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Johanna LÖwenherz

1857 – 1937

by Monika Hubsch-Faust

Even today it is difficult to reconstruct Johanna Löwenherz’s biography in full. She was born on March 12, 1857 in Rheinbrohl and according to her biographer, Wolfgang Dietz, was “the daughter of a well-to-do Jewish family and brought up in the Jewish faith” (Dietz 1989, 31). Her father, Hermann Löwenherz (1811–1897), was a businessman who owned a quarry. Her mother was Fanni, née Jacobsohn (1826–1902). Little is known about her education, though Cornelia Kunze claims that she studied piano and singing at the Conservatory in Stuttgart and was able to teach Esperanto. Although by upbringing she was closest to the middle-class women’s movement, she switched to the socialist women’s movement, on whose behalf she traveled widely in order to raise consciousness. According to Dietz, this change in her political allegiance led her to abandon Judaism. She was one of the most active representatives of the Social Democratic Party (SDP) in the Neuwied region and co-founder of the local Volksbildungsverein (Association for Popular Education). Although her political opinions made her a somewhat controversial figure in the SDP, she was nevertheless elected as a delegate to the regional party conferences in Duisburg (1895), Essen (1897) and Neuweid (1897).

She lectured on the social, economic and legal equality of women and opposed the stand of the left wing in her party, which was led by Clara Zetkin and the other revolutionaries. Her political convictions, especially regarding women’s issues, found expression in her major work, a monograph entitled Prostitution oder Produktion, Eigentum oder Ehe? Studie zur Frauenbewegung (Prostitution or Productivity, Property or Marriage? A Study for the Women’s Movement, Neuwied, München: 1895).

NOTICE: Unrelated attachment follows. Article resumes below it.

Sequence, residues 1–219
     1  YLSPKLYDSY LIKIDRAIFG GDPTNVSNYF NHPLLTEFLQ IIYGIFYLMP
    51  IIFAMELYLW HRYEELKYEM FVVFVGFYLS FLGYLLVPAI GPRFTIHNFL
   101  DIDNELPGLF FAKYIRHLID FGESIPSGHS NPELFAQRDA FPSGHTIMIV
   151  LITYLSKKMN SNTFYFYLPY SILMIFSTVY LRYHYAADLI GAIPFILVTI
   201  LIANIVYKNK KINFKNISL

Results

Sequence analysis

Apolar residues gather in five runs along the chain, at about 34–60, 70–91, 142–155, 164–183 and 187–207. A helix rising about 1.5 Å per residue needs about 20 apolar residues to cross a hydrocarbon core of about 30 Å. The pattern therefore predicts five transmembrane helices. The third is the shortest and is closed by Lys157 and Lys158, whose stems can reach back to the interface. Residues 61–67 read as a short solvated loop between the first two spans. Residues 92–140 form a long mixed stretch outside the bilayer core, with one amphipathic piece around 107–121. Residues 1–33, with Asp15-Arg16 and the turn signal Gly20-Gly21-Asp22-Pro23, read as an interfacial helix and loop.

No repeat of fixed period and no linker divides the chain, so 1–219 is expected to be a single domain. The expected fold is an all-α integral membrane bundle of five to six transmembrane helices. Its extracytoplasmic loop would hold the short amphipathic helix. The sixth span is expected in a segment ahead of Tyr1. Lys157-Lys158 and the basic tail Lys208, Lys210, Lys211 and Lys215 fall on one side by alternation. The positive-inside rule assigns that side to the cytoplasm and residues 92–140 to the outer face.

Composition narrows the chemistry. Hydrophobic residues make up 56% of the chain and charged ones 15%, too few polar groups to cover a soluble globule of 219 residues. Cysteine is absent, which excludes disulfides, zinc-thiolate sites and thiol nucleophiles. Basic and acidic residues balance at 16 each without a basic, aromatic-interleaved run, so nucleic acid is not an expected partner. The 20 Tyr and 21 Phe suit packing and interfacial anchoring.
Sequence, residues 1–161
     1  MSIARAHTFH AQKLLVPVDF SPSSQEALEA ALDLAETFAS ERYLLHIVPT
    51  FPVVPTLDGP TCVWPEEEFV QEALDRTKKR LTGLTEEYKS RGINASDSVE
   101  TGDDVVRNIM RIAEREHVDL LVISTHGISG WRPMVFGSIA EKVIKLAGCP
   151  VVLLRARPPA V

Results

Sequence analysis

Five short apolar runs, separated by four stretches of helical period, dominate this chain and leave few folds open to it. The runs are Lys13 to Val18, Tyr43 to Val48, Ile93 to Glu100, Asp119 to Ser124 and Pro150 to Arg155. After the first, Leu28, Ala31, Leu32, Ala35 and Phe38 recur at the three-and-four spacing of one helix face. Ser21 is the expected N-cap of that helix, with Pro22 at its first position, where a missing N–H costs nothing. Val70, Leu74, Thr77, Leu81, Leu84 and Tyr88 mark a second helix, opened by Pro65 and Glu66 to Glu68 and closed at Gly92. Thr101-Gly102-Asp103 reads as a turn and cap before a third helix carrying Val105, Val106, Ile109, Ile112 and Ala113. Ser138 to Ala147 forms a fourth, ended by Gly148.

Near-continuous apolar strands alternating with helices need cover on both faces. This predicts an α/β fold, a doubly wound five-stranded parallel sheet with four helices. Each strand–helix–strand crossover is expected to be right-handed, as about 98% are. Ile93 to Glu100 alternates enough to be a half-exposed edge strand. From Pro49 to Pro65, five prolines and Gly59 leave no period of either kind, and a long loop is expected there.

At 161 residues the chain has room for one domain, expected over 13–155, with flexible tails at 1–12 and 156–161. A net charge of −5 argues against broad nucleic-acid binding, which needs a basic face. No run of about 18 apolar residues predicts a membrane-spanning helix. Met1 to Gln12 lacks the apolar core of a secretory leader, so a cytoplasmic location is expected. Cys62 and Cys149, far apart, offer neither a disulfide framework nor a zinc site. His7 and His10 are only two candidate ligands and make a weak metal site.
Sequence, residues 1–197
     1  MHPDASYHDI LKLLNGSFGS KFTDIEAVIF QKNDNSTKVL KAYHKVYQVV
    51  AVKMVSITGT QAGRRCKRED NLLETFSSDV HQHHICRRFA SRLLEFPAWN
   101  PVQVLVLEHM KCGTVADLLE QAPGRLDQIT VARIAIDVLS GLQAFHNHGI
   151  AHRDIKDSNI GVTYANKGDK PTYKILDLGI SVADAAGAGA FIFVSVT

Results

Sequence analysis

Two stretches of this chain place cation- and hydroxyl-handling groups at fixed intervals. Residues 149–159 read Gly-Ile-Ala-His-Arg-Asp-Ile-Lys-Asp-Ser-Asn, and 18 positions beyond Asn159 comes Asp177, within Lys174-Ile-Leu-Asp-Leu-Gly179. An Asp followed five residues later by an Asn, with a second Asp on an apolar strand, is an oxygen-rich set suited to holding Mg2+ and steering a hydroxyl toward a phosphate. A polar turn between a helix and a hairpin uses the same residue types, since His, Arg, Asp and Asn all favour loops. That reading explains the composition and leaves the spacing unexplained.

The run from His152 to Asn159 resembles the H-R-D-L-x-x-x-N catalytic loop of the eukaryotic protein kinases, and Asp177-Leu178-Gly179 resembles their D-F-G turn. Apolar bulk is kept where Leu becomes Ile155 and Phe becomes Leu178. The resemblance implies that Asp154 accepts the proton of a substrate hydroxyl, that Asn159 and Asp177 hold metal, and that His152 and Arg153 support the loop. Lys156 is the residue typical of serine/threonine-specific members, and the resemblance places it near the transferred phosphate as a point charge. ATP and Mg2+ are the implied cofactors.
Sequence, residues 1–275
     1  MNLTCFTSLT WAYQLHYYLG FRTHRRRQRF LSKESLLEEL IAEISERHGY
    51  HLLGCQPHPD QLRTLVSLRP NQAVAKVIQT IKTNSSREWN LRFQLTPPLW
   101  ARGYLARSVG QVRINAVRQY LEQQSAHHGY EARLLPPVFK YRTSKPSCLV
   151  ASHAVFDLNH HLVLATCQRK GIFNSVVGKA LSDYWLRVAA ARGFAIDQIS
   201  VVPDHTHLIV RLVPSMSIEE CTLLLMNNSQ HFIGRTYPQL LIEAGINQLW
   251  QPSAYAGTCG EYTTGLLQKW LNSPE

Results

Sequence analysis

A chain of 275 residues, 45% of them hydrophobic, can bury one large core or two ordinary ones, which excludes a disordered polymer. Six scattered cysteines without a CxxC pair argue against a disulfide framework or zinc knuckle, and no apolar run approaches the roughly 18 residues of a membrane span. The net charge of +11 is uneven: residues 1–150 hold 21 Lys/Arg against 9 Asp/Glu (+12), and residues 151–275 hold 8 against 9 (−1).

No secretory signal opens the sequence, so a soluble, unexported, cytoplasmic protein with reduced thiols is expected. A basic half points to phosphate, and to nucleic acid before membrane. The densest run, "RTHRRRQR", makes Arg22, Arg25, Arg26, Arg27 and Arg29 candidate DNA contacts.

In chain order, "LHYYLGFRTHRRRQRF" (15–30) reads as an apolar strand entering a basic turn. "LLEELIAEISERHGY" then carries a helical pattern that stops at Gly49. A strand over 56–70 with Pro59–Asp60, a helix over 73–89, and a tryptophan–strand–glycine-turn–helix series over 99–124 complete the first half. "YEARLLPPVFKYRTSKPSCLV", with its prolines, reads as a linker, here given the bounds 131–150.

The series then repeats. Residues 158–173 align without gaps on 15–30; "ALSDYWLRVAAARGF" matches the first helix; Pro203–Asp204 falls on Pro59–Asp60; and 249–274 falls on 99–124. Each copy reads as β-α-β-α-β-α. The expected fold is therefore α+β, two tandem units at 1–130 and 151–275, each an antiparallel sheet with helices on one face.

Persecuted by the Nazis because of her political opinions, Löwenherz was under arrest from April 14 to May 5, 1933. In a local register of leading political personalities of the KPD (Communist Party), SPD and trade unions, compiled on December 7, 1933, her name was listed in connection with the KPD. However, it is unclear whether she did indeed transfer from the SPD to the KPD. On April 4, 1937, shortly before her death on May 17, she willed her house and property to a “benevolent fund for women’s welfare.” Since National-Socialism prevented the fulfillment of her will, thirty-eight years elapsed before a new executor was appointed in 1984, who instructed the Neuwied city administration on the issue.

On July 30, 1985, Neuwied took over her inheritance, establishing a fund to present an award in her name, to recognize women who have contributed to women’s issues. The first Johanna Löwenherz Prize was awarded to Simone Veil on July 17, 1987.


Der Drachenfels. Neuwied, Berlin: 1890 (non-political essay); Prostitution oder Produktion, Eigentum oder Ehe? Studie zur Frauenbewegung. Neuwied, München: 1895; Wird die Sozialdemokratie den Frauen Wort halten? Neuwied: 1895.


Dietz, Wolfgang. Johanna Löwenherz. Eine Biographie. Published by the city administration of Neuwied on the 130th anniversary of her birth, the fiftieth anniversary of her death and the founding of the Johanna Löwenherz Fund. Neuwied: 1987.

Kunze, Cornelia. Wer war Johanna Löwenherz? Oder der Versuch der Skizzierung des Lebens einer politisch engagierten Jüdin in Deutschland um die Jahrhundertwende (Who was Johanna Löwenherz? or, An attempt at sketching the life of a politically involved Jewish woman in Germany at the turn of the century). Unpublished MS, n.d., 8 pages.

Jüdische Frauen im 19. Und 20. Jahrhundert: Lexikon zu Leben und Werk. Edited by Jutta Dick and Marina Sassenberg. Reinbek: Rowolht, 1993.


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How to cite this page

Hubsch-Faust, Monika. "Johanna Löwenherz." Jewish Women: A Comprehensive Historical Encyclopedia. 27 February 2009. Jewish Women's Archive. (Viewed on June 1, 2020) <>.


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